FIG. 4 illustrates a tip view of the top flanged edge 3 of the main vessel 1 having a plurality of bore holes 7, a groove 4 for containing an O-ring 10. Groove 4, O-ring 10, and bore holes 7, are not critical to the present controlled-flow apparatus. It is critical that a fluid-tight seal able to withstand minimal pressure be provided between the main vessel 1 and the cover 8 containing the eluent drain 9. Other means of accomplishing a fluid-tight seal are contemplated by the present invention including, for example, the use of a gasket consisting of a stable material appropriate for the solvent being used which material can readily be selected by one of ordinary skill in the art, where the gasket is placed between the top flanged edge 3 of the main vessel 1 and where the cover 8 is fitted tightly against the gasket and top flanged edge 3 using for example pressure, for example, pressure exerted using, for example, a mechanical clamp, or by providing the cover 8 with an annular lip threaded so as to screw onto main vessel 1 also being appropriately threaded at its top edge.

FIG. 5 illustrates the large inner member for use with the present controlled-flow apparatus when the amount of tissue being processed is large, for example, in the case of bone 300 g wet weight or more. This large inner member is preferably generally cylindrical but may be of a different shape including for example, oval. The large inner member contains a generally cylindrical top secure ring 11, a generally cylindrical tall inner vessel 12 a, and a generally cylindrical bottom secure ring 13, having at its bottom edge, one or more notches 14 of a size appropriate to allow tubing to run, for example, from the inlet port 5 through the notch 14 and into the inner vessel so as to allow solvent to enter the inner vessel of the main body of the present controlled-flow apparatus. An additional notch may be provided and appropriately located so as to allow tubing to run from the bottom secure ring 13 of the inner vessel through the drain port 6, and directed to waste so as to allow for quick removal of the solvent. The inner vessel 12 is generally cylindrical having both an open top end and an open bottom end. Likewise, the bottom secure ring 13 has an open top and an open bottom end as does top secure ring 11.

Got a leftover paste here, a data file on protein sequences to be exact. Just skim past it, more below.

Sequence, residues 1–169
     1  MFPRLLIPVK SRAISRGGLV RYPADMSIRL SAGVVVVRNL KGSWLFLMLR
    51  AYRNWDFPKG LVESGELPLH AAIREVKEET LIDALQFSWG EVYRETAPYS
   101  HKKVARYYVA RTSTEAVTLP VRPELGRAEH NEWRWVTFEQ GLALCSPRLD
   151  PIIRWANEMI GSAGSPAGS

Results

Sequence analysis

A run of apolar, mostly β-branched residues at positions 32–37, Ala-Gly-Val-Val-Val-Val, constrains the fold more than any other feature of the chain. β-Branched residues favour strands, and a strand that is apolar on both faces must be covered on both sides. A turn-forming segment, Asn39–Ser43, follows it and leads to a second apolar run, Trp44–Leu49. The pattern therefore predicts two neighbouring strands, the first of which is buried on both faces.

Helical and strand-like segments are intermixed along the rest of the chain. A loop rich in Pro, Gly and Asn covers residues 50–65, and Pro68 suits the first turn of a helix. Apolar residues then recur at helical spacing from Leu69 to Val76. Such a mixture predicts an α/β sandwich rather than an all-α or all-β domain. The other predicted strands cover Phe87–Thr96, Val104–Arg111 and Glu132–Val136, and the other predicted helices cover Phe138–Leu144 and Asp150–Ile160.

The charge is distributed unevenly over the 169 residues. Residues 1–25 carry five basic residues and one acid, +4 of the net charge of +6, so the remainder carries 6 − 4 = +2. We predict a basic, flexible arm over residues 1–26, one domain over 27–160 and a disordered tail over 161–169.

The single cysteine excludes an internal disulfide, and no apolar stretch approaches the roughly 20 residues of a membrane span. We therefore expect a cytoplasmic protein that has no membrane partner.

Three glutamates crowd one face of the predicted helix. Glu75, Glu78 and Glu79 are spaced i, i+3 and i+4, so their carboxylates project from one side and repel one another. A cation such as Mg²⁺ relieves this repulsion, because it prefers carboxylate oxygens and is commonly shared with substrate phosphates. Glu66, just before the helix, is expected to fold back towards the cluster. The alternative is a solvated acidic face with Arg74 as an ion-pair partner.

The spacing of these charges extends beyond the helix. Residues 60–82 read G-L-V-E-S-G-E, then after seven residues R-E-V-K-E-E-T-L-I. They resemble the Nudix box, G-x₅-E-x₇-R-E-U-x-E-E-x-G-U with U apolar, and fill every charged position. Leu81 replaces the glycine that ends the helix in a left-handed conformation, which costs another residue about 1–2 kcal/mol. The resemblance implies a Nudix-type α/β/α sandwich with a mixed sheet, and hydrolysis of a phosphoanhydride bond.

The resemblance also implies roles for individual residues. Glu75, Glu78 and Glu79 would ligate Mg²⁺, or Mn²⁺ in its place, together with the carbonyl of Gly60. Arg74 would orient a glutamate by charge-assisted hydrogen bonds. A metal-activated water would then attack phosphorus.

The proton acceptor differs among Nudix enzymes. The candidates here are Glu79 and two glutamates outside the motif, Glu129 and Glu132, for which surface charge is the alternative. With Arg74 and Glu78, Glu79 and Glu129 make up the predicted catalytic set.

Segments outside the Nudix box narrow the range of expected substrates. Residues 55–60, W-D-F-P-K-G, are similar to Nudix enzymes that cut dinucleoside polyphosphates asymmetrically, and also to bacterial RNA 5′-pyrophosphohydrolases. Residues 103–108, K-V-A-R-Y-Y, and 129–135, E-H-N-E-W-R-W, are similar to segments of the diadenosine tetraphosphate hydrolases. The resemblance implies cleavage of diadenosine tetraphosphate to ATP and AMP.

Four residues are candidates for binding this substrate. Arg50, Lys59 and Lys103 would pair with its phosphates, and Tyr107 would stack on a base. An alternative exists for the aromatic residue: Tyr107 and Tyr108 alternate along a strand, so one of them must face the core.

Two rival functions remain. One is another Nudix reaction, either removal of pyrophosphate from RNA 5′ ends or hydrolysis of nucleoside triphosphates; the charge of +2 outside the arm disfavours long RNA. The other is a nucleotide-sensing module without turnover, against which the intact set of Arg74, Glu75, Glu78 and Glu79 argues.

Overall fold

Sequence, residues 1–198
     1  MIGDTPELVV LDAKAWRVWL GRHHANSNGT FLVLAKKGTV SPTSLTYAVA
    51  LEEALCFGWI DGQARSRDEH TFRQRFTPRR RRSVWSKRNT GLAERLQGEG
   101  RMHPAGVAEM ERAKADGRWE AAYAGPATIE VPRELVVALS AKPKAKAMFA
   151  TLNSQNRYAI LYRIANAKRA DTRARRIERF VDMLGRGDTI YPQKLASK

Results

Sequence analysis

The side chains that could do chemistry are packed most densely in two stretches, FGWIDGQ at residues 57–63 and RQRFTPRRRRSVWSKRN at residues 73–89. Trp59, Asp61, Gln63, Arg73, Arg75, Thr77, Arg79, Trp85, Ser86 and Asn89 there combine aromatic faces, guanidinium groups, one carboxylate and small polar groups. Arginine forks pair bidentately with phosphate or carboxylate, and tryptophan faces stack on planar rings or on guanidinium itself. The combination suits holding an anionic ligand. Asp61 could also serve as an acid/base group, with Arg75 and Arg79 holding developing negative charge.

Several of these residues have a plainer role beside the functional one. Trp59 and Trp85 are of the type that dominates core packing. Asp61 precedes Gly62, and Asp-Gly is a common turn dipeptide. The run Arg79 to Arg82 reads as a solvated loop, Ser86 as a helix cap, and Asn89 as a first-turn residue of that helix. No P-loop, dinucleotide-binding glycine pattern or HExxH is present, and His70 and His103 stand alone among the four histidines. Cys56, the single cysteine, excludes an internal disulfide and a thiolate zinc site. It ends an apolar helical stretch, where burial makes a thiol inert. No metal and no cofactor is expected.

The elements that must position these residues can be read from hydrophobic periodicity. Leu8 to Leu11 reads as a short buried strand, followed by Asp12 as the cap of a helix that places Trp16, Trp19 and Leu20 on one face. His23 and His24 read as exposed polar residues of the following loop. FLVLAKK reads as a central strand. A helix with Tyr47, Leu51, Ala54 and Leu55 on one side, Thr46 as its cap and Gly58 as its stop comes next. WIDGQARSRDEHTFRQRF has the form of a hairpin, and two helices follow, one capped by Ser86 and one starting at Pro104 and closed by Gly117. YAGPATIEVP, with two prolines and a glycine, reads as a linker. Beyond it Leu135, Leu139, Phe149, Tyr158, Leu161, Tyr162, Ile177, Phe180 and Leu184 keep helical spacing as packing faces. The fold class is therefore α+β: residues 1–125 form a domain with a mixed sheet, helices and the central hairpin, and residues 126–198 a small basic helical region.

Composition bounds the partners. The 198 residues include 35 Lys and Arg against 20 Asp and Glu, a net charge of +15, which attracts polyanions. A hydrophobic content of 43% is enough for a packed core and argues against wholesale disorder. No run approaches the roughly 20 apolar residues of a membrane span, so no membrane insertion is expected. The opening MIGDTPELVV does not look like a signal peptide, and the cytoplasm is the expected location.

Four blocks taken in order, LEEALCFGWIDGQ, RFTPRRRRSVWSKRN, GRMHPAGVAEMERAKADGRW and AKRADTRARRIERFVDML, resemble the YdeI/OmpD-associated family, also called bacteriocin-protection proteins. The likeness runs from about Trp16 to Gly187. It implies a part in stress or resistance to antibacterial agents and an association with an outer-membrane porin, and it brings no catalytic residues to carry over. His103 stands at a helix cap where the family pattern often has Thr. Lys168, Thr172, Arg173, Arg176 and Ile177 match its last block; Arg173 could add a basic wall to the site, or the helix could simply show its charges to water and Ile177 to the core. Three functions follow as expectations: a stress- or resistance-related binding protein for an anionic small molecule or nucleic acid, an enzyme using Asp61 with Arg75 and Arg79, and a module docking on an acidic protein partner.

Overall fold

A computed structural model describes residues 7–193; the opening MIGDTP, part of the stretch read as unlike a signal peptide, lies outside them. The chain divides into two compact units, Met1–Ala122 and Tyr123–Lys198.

FIG. 6 illustrates a preferred cross section view of the bottom secure ring 13.

FIG. 7 illustrates a preferred cross section view of the top secure ring 11.

The bottom edge of the top secure ring 11 is fitted onto the top edge of the inner vessel 12; the bottom edge of inner vessel 12 is fitted into bottom secure ring 13. The exact shape and cross sections of the top secure ring, the bottom edge of the inner vessel, and the bottom secure ring, are not critical. It is only critical that these members fit together as described and provide a fluid-tight seal. This may accomplished as illustrated and may optionally include the use of a gasket, or an O-ring fitted into appropriately configured grooves provided on any one or more edges of the members, for example, provided on the bottom edge of inner vessel 12, provided on the internal surface of the bottom edge of bottom secure ring 13, or provided on an internal surface of the top edge of top secure ring 11. Alternatively, top secure ring 11 and bottom secure ring 13 may be frictionally fit onto inner vessel 12 or may be threaded so as to fit onto inner vessel 12 when inner vessel 12 is also provided with appropriate threading at its bottom and/or its top edge.

FIG. 8 illustrates a cross section view of inner vessel 12 having a straight angled surface 15.

FIG. 9 illustrates a cross section view of inner vessel 12 having a concave inner surface 16.